I noticed that you had contributed to Encyclopædia Britannica, Ninth Edition, FYI I created a project page "Wikisource:WikiProject Encyclopædia Britannica, Ninth Edition", it is a copy with modification of WS:EB1911. -- PBS (talk) 09:36, 5 April 2017 (UTC)Reply[reply]


Hi, please see the local guidance on disambiguation. To note that we disambiguate at the root page, and all works and authors are moved away, so there is no need to have the word disambiguation in a title. Author pages are disambiguated by years of life. Thanks. — billinghurst sDrewth 06:50, 7 May 2017 (UTC)Reply[reply]


According to Help:Beginner's guide to typography#Paragraphs and sentences, you should not be using {{indent}}. You have done this at Page:Koran - Rodwell - 2nd ed.djvu/153 and doubtlessly many more pages.

A. Kindly sign your comments.
B. I respectfully disagree both with the general policy and with its application here. Indentation is far more attractive and clearer to read. While it's fine if they are not used generally, there's no problem at all with using them as the house style of particular books, such as all of my work on the EB9 project. If a project has a separate style, as at EB11, I obviously shouldn't insert it but almost no work has been done on that edition of the Koran and the text flows far better with indentation than text blocks for every line.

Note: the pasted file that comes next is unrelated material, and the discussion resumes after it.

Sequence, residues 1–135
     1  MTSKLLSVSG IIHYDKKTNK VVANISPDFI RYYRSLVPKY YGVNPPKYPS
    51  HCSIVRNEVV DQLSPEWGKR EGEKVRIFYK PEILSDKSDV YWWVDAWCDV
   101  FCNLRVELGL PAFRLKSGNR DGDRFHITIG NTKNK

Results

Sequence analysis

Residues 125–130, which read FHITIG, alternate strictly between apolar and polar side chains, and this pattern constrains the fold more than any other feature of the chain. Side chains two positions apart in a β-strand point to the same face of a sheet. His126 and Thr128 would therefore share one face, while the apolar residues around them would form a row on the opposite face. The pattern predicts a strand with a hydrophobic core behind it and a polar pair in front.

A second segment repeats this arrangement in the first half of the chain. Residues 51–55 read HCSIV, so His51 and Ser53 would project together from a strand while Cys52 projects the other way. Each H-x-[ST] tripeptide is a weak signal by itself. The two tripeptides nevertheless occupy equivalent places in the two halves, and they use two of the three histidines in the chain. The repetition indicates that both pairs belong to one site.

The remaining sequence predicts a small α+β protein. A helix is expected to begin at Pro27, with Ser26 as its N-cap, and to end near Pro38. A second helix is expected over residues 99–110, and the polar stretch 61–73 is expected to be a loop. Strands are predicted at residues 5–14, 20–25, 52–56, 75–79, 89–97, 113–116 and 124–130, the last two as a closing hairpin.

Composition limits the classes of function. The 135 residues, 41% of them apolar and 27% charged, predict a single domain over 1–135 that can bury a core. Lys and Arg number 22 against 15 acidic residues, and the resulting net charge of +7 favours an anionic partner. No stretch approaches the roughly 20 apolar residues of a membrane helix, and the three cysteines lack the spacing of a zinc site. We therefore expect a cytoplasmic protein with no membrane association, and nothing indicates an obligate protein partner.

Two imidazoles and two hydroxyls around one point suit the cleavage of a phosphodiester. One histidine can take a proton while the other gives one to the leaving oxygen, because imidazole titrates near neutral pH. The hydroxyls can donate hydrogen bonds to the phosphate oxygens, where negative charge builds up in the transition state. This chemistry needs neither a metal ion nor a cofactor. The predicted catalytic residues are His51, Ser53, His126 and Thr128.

C. That said, I don't really plan on formatting that whole volume of the Koran, so I'm not making any kind of binding project policy. If other editors—such as yourself—prefer the indentless style, it's a wiki and they're welcome to reformat the pages. The important thing is not to whinge over minutiae like that and, if you're interested in that particular volume, to start adding more pages yourself. Thanks!
 — LlywelynII 03:47, 27 September 2017 (UTC)Reply[reply]


Disambiguation pages are for works sharing a common title, regardless of content. If you would like Wikisource policy on this matter to change, you are welcome to put forward a proposal in the Scriptorium. --EncycloPetey (talk) 23:13, 7 October 2017 (UTC)Reply[reply]